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Literary Strategies and the use of Language in Chinua Achebe's

Things Fall Apart.

History: Oral tradition. It is important to firstly understand the historical

literary backdrop of Achebe's writings.

Nigerian literature has a long history in the oral tradition. Bade Ajuwon's
article explains:

Pre-literate Nigeria once enjoyed a verbal art civilization which, at its high
point, was warmly patronized by traditional rulers and the general public. At a
period when writing was unknown, the oral medium served the people as a
bank for the preservation of their ancient experiences and beliefs. Although
most Nigerians knew and could recount parts of their genealogy and local
history, only a few oral artists had the skill and stamina required to chant the
lengthy oral literature. The oral artists, freelancers or guild-associates,
enjoyed reverence as "keepers of the people's ancient wisdoms and beliefs."
These oral artists frequently entertained their audiences dramatically,
providing relaxation and teaching moral lessons.

In various parts of the country, novels developed around 1930. Centered

upon fantastic, magical characters of humans and fairies, Hausa novels,
called "non-realistic novels," were based on folktales.Igboland also saw a
growth in the number of novelists who expressed the distaste of their people
for the Christian missionaries.

A major shift in literary style from fantasy to realism resulted from the
founding of the University College of Ibadan in 1948. The calls for a new
literary style came from scholars educated in the western tradition at the
University. Conferences, journals, and newspapers urged the shift to realism.

Next question to ask: What made Achebe break away from the oral
tradition? Why did he choose the "novel" form to express his ideas
and why did he choose English?

1. The novel form had not been well-utilized by African literary scholars to
depict the psychology of colonisation from the African point of view.

How do we know this?

At the time, novel Mister Johnson stood out as one of the few books about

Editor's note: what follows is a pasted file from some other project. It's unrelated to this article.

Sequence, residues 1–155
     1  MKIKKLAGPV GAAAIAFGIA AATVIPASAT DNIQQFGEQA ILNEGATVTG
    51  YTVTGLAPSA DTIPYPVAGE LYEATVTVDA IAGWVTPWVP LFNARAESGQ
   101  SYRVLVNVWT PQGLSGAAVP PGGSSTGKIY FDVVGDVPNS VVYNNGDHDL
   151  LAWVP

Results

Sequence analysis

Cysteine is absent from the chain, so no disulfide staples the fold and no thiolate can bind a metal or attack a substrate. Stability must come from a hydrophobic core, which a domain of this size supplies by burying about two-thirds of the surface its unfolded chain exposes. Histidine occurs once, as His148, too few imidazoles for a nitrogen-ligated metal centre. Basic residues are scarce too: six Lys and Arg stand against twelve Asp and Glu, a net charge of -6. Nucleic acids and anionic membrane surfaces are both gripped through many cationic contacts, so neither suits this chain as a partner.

Africa. . Achebe saw the Nigerian hero as an "embarrassing nitwit," Achebe
detected in the Irish author's descriptions of Nigerians "an undertow of
uncharitableness ... a contagion of distaste, hatred, and mockery." Mister
Johnson, Achebe writes, "open[ed] my eyes to the fact that my home was
under attack and that my home was not merely a house or a town but, more
importantly, an awakening story." That was the instigater. By Joyce

Why English?

He insiststhat he writein English not to attract a wide international audience,

but simply because he had been educated in English. But he adds that his
use of English was inspired by his Igbo background.

Fanon quotes Michel Leiris, who supports Achebe's view.

" Their (negros) intellectual growth took place almost exclusively within the
framework of the French (in Achebe's case, it is English) language, and it
would be artifice for them to resort to a mode of speech that they virtually
never use now except as something learned."

It's like questioning Amitav Ghosh as to why he writes patriotic literature in

the colonizer's language. One way to answer this is because English is the
langauge he finds more comfortable since he has been educated through its

The very title of the novel comes from "The Second Coming", which is a poem
by Yeats, a poem that was taught in the university Achebe attended.
Education then, was one of the reasons Achebe picked English as a means of

That's one way of looking at it, the author's perspective. Let's get into the
colonized Negro's psychology when he toils to master the mother language,
in this case it being English. Analysing Fanon's argument; he says:

To speak a language is to take on a world, a culture. The Antilles Neegro who

wants to be white will be whiter as he gains greater mastery of teh cultural
tool that language is. Every colonized people, in other words, every people in
whose soul an inferiority complex has been created by the death and burial
of its local cultural originality- finds itself face to face with the language of teh
civilizing nation, that is, with the culture of the mother country. The colonized
is elevated above his jungle status in proportion to his adoption of the mother
country's cultural standards. He becomes whiter as he renounces his
blackness, his jungle.

Clearly, teh adoption of English by Achebe is seen as a product of a

psychological inferiority complex by Fanon. Further, Fanon says that "when
the negro adopts a language different from that of a group into which he was
borrn is evidence of a dislocation, a separation. The negro's inferiority
complex is particularly intensified among the most educated, who must
struggle with it unceasingly."
Question now to ask is: Is Achebe's literature dislocated? Has a "separation"
from the original Igbo culture occured? Fanon argues that even if in content
and matter, teh novel rewrites African history, the use of English by Achebe is
problematic for the reasons stated previously.

Section 3: Achebe's new literary "form" as devisedin Things Fall


Achebe has rightly been credited for developing techniques

through which he expands, complicates, or disturbs the European novel form,
these techniques frequently can be seen as incorporations of African cultural